Does your croc bite?

caymans5_3_494658f75e7ae-lightboxI decided to arrange its maiden trackday outing at Castle Combe, with BookaTrack.com. I’d driven at Combe a few times before in my old TT Coupe and VXT, so at least I would know my way around the circuit, which I think is always a help with an unfamiliar car.

The day was run in sessions and I was put in the “advanced but non-Caterham” group, which contained an extremely diverse and impressive selection of machinery including a Ferrari 575M, a 996 GT3 RS, an S2 Exige, some tuned Skylines and a host of other modified and competition cars. I have to say I felt slightly intimidated as I rumbled out of the pitlane in the first session, deliberately positioning myself at the rear of the group while I got used to the Cayman’s on-track manners.

To begin with, I left the car in its default setting of PASM normal, Sport Chrono (SC) normal. The car was a bit floaty and wallowy in this mode, with the throttle response out of the chicanes feeling sluggish and I could really notice the PSM stability control knocking the power back a tad on the exits of some of the corners. After a few laps I engaged SC sport mode, but left PASM on normal – which is my preferred on-road configuration. This felt a bit sharper, but there was still too much float and wallow for optimal circuit use.

In every subsequent session I put the car in full Sport mode (PASM sport, SC sport), which proved to be much better. The car ‘sat down’ more readily and felt totally underneath me. I kept PSM switched on all day. I could feel the system intrude a few times, usually on the exit of the second chicane and occasionally at Quarry (the trickiest and most unforgiving corner on the circuit). It may also have affected the car’s behaviour under braking, because the brakes pulsed a little more than I was expecting them to – and the pedal felt a bit ‘long’ as the afternoon wore on.

During the first session after lunch, the digital display within the central tachometer flashed up a message saying something like ‘check bulb’. My left rear indicator bulb had popped out of its socket and was rattling round inside the rear light cluster housing.

Removing the bulb socket unit was easy, but it proved impossible for me to get the bulb out of the housing using just my fingers! “Luckily” [copyright S Rockman], the garage next to the circuit fabricated a bespoke part for me (for free), consisting of some welding wire bent into a hook-shape, with some black sticky tape over one end.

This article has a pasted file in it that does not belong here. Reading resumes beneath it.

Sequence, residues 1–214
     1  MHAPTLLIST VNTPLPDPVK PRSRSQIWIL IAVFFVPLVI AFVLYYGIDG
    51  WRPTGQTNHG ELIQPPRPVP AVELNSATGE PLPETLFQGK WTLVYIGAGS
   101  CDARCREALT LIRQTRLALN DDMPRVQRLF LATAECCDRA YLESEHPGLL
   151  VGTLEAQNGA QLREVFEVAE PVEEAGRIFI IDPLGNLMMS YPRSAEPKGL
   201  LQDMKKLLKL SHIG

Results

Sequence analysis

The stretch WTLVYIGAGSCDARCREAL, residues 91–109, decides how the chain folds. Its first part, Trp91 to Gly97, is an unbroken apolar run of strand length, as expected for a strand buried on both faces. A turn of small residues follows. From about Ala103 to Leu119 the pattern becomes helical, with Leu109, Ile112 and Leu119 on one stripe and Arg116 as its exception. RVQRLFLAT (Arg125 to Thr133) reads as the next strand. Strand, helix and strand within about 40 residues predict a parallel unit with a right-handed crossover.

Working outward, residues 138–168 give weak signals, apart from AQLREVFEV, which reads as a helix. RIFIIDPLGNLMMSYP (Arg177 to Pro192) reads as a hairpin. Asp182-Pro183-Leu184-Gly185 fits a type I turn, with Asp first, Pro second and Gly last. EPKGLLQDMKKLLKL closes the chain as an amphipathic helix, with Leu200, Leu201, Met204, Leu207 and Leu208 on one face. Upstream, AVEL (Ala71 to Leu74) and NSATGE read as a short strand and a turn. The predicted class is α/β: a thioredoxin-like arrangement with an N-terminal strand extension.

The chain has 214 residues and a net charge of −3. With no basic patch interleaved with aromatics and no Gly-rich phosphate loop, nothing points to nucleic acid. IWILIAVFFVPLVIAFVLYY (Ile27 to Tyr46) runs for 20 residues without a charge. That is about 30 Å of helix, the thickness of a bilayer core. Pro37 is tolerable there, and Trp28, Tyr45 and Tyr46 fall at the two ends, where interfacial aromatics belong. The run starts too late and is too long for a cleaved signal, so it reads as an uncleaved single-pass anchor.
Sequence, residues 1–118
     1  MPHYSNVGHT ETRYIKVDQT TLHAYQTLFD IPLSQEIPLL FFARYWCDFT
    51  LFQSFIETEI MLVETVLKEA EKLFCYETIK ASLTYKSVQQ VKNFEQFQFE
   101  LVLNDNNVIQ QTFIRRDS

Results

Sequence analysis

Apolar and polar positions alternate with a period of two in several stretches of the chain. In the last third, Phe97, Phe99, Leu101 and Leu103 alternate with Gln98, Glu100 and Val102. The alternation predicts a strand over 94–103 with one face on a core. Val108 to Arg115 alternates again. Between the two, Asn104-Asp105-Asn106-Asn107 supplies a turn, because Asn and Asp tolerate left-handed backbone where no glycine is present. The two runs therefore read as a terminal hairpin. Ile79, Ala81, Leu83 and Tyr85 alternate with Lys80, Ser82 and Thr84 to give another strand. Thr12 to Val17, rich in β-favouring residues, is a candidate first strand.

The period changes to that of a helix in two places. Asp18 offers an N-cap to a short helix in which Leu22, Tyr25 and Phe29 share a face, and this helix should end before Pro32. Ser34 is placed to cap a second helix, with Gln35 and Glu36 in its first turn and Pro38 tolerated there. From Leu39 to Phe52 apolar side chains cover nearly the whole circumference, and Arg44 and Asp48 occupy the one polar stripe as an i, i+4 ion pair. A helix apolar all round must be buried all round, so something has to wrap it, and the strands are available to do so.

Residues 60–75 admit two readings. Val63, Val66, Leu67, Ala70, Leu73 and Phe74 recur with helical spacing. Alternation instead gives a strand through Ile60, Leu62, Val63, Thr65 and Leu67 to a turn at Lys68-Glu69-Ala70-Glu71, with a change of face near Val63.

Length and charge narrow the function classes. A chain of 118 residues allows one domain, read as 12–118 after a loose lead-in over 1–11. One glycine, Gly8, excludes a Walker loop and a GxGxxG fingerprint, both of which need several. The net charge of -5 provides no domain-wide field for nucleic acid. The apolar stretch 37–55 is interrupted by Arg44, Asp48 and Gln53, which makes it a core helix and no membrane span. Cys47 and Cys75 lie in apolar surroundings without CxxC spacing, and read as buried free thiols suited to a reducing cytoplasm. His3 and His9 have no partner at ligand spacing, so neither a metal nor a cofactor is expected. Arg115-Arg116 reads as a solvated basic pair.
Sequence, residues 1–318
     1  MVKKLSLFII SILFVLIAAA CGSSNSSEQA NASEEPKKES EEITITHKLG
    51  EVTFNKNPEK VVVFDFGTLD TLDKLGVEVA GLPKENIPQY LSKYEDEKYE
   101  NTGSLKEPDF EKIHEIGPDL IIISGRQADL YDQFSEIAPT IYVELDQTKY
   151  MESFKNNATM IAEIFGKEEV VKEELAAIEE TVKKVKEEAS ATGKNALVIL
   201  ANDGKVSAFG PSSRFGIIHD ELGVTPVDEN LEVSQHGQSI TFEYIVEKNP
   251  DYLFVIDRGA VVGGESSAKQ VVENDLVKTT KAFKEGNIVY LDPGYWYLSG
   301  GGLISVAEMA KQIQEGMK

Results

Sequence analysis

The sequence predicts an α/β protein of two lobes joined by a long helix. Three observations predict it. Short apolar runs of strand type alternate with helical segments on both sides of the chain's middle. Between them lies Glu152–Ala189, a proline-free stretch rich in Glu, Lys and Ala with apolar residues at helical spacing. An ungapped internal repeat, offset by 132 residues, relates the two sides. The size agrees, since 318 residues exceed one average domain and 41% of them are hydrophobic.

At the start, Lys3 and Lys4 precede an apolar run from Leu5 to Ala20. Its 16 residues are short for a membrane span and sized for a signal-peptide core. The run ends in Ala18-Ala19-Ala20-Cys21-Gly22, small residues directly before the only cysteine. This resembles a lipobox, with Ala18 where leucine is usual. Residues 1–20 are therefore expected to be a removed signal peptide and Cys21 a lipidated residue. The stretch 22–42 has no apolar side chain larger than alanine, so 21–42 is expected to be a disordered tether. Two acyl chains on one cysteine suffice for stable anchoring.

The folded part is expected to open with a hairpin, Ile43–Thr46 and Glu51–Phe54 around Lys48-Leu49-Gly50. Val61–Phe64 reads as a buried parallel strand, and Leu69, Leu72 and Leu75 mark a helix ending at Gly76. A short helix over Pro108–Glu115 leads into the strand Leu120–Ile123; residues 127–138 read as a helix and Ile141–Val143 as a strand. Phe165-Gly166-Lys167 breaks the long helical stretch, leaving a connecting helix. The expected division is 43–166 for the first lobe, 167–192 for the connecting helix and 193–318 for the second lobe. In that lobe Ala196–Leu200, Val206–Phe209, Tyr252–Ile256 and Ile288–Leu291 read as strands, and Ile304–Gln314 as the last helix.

I then put this wire through the small hole where the bulb would normally sit, stuck the bulb to the sticky tape, and retrieved it through the hole. For a thoroughly non-practical bloke like me, this was a heady achievement!

Most of the other guys in the group were pretty complimentary about the car and how it looked and sounded out on the circuit. It was just a shame I couldn’t actually hear it at full chat from the outside myself! The other Porsche drivers were especially keen to have a sit in it.

Overall, I was quite impressed with the car at Combe, but not absolutely blown away by it. The acceleration seemed a little lethargic, which was perhaps exacerbated by the wide-open nature of the circuit and the relatively high corner exit speeds. The car didn’t feel particularly edgy (which is a good thing), but by the same token it didn’t give me the highest buzz of excitement. Perhaps Combe isn’t best suited to the Cayman, or perhaps I just wasn’t on top form behind the wheel that day.

The car’s second track outing took place at Bedford Autodrome. This is a terrific venue – flat and smooth, with plenty of runoff and a good mix of high and low speed corners. I’d driven the South Circuit back in 2003 as part of the ‘free’ Palmersport day on buying my VXT, whereas the layout for this particular event was a combination of the South and West circuits. I put the car in full Sport mode from the start, and once again kept PSM switched on throughout.

The Cayman felt completely at home at the Autodrome, which allowed me to build my confidence very quickly and then enjoy exploiting the car’s composure through the faster corners. Smoothly feeding in the power on the exit of third-gear sweepers and riding out the deliciously progressive oversteer was tremendous fun. I was lapping pretty quickly too, making up time on just about everything through the quick third-gear lefts in particular. The brakes felt strong throughout, despite having to cope with some serious stops from north of 130 mph.

It was great to see another Cayman S at the circuit, meaning that finally I could get to hear what the car sounds like at full chat. ‘Jet-fighterish’ would come close. Mr Yu was there too in his Phwoar-vette, which looked the absolute business and was probably the quickest car all evening. I even had the pleasure of seeing him have a big spin exiting the last corner. He’d got it very sideways there on the previous lap, which had prompted me to say “Ooh, good save” to the person standing next to me in the pitlane. On the next lap, I said “There’s no way he’s going to save that” – about two seconds before the laws of physics took their inevitable course!

I’ve put 6,500 miles under the wheels now, and the car seems to be getting even quicker as the engine continues to loosen up. I’m seriously impressed with my steed, and still look forward to every drive.

Castle Combe pictures: BookaTrack.com Ltd & Jakob Ebrey Photography Ltd

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Dan Duke